I agree with Dr Johnstone that there does seem to be an ideological divide across the pond, with American doctors (and the public) much more resistant to the idea that difficult life circumstances can precipitate great distress. I think American culture is much more individualistic even than UK culture which lends itself to the public and doctors dismissing the psychosocial factors that lead to distress. “We all have problems.” is a common refrain in America for dismissing others complaints without having to think or care about them. I think the concepts of not bothering others with your problems and not airing your dirty laundry fed people neatly into the narrative to seek professional support. We’ve lost our communities by no longer leaning on each other as we seek professionals to deal with our issues while concurrently being told how important it is to have a robust support system. The entire treatment arena is a land mine of inconsistencies in America.

    I was a skeptic of the PTMF but the more I have read, the more I appreciate this work and hope that it’s principles will be applied more widely.

  3. “epistemic injustice14—in other words, people are systematically denied the knowledge that they need in order to create their own meanings about their experiences.” Excellent point about what stigmatization with the DSM disorders accomplishes.

    And I will say once the medical evidence of the abuse of my child was handed over, and the medical evidence that my PCP’s husband was the “attending physician” at the “bad fix” on my broken bone was picked up. I had the knowledge of the motives behind why my PCP wanted me defamed and neurotoxic poisoned by psychiatrists, as well as why the people who abused my child wanted me defamed and neurotoxic poisoned by psychologists and psychiatrists. And the truth shall set you free.

    “We are dealing with people with problems, not patients with illnesses, and the whole paradigm—the ‘DSM mindset’ as clinical psychologist Mary Boyle9 puts it—needs to change.” I agree. Interesting interview.

  4. Wow…the interviewer, Dr. Aftab, comes across as smug and condescending. This interview is a perfect example of the mental gymnastics psychiatrists engage in to avoid acknowledging or dealing with the consequences of the fact that the DSM diagnostic system is not valid. It also demonstrates the contempt psychiatry has for psychology which is viewed as inherently inferior. I have the utmost respect for Dr. Johnstone. She is brilliant, articulated her case with class and strength, and didn’t let him get away with it. We need to see more exchanges like this in high profile places. I for one would be delighted to be able to “rebut” the remarks of a psychiatrist in such an exchange, though I think the best person for that job is Phil Hickey!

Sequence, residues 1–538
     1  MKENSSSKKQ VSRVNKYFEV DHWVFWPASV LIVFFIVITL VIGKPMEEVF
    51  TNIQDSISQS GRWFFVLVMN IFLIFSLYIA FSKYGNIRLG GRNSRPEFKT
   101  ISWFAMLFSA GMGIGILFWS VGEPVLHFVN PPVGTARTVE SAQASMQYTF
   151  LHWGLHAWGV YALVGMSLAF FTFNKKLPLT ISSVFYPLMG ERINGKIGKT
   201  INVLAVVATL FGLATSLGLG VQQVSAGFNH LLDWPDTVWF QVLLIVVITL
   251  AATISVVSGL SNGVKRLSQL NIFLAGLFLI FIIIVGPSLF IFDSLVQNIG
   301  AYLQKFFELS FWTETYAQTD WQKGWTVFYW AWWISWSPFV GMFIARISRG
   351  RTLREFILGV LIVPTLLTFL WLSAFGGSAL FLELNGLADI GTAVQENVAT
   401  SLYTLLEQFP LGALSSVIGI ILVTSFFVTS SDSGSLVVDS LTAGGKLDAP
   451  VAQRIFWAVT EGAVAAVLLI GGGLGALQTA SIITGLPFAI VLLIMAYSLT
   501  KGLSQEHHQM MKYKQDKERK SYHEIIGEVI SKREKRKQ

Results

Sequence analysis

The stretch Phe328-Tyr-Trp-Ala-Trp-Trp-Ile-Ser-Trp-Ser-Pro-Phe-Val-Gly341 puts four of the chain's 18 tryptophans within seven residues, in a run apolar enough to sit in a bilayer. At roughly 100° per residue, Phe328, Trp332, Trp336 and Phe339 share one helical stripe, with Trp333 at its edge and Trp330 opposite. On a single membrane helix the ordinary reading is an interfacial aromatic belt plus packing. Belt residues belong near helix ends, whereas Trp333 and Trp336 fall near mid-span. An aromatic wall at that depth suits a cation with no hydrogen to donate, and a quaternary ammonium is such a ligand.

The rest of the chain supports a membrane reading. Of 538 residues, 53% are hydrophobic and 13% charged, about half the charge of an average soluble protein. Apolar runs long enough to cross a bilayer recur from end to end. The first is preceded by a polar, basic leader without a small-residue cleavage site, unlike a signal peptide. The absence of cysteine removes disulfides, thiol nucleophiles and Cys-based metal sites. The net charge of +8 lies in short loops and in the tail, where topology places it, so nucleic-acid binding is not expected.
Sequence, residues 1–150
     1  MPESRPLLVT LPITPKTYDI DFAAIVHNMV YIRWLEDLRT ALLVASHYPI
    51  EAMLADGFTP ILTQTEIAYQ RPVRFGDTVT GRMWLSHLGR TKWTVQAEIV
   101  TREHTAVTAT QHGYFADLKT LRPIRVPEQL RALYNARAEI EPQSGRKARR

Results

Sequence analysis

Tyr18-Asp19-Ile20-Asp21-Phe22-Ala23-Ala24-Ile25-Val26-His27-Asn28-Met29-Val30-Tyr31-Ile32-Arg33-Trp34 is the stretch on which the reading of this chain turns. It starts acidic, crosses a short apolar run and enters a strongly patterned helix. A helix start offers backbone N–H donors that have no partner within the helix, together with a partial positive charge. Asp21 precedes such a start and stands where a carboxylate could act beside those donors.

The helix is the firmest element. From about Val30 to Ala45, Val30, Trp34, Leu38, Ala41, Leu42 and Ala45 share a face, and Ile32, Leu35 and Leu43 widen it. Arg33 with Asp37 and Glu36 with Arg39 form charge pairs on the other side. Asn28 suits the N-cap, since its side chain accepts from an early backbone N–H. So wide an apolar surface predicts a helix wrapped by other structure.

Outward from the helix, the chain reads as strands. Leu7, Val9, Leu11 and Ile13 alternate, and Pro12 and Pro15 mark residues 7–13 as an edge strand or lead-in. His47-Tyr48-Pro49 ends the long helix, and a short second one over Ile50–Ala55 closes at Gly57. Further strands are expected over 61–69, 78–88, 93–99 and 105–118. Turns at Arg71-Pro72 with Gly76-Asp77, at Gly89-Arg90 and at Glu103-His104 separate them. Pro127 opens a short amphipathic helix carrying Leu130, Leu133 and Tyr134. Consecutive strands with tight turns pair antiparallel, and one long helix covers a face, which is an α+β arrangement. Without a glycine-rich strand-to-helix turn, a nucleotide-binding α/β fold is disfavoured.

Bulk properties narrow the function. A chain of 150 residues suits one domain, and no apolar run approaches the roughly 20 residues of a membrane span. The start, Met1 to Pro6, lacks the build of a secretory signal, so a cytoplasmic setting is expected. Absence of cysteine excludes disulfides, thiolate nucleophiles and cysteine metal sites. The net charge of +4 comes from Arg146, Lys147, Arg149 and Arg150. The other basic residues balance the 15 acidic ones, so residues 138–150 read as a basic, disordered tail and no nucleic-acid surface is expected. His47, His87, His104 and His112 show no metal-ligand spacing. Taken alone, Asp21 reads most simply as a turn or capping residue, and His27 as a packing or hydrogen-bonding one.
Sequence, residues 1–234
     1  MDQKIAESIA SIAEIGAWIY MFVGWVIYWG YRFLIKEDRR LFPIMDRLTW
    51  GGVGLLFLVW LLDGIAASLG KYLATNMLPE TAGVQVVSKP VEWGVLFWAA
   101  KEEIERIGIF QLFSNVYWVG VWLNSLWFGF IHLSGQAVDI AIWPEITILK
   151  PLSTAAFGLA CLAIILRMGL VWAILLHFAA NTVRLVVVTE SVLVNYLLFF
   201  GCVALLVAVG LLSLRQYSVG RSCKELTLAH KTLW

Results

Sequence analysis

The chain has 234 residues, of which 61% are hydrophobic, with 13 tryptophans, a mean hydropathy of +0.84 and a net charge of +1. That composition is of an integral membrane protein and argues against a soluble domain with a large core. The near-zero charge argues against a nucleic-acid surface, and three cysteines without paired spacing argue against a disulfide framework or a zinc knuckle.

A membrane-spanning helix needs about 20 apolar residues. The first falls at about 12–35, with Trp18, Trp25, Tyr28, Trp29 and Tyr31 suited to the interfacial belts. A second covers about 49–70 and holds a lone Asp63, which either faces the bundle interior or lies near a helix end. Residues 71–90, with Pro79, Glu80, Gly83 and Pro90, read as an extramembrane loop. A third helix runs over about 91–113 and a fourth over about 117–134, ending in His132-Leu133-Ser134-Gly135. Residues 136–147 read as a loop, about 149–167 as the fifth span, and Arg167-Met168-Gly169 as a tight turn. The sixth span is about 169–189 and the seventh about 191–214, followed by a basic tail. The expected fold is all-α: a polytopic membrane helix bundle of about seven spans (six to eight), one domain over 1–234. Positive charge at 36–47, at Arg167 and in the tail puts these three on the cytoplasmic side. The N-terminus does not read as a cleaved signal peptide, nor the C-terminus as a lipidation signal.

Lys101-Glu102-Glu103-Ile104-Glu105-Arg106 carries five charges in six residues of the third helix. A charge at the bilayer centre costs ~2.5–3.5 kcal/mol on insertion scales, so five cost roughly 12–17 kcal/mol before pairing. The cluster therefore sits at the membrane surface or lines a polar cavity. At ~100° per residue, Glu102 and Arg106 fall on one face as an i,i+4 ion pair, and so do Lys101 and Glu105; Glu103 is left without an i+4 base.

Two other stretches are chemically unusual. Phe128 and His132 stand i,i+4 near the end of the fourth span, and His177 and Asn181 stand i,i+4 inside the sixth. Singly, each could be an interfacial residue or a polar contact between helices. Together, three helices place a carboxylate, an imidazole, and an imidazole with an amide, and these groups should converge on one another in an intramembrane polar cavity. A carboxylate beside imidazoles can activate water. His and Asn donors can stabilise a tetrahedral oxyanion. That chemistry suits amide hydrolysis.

5. Thanks everyone for your comments. The whole thing was a very strange experience. Dr Aftab did not tell me he was going to invite additional comments – no other interviewee has had extra contributions inserted at the end – and I am at a loss to know how I misrepresented their views (although they certainly misrepresented mine.) The wider reaction on Twitter was extraordinary. I was called everything from arrogant, vicious, reductionist, dangerous, flaky, misguided, hostile and bullying to ‘morally depraved’…..and all of those comments were from professionals. None of those who disagreed with the views I put forward (as they have a right to do) actually engaged with the arguments. I think this says a lot about the fragile foundations of psychiatry…. Robin Murray is regarded in the UK as an open-minded critic of many aspects of his profession, probably much more so than his US counterparts, but it appears that there is an line of criticism that you must not cross. You can go so far and no further. I’m pleased people liked the content, but the process was even more interesting….

  6. I’m sorry you had to endure all that Twitter hate, Lucy. Nature of the beast, I guess. It sounds so obvious, but you’ve not only pointed out an elephant in the room but also had the temerity to be a woman while doing so, and the inherently patriarchal/paternalistic field of psychiatry just can’t tolerate it!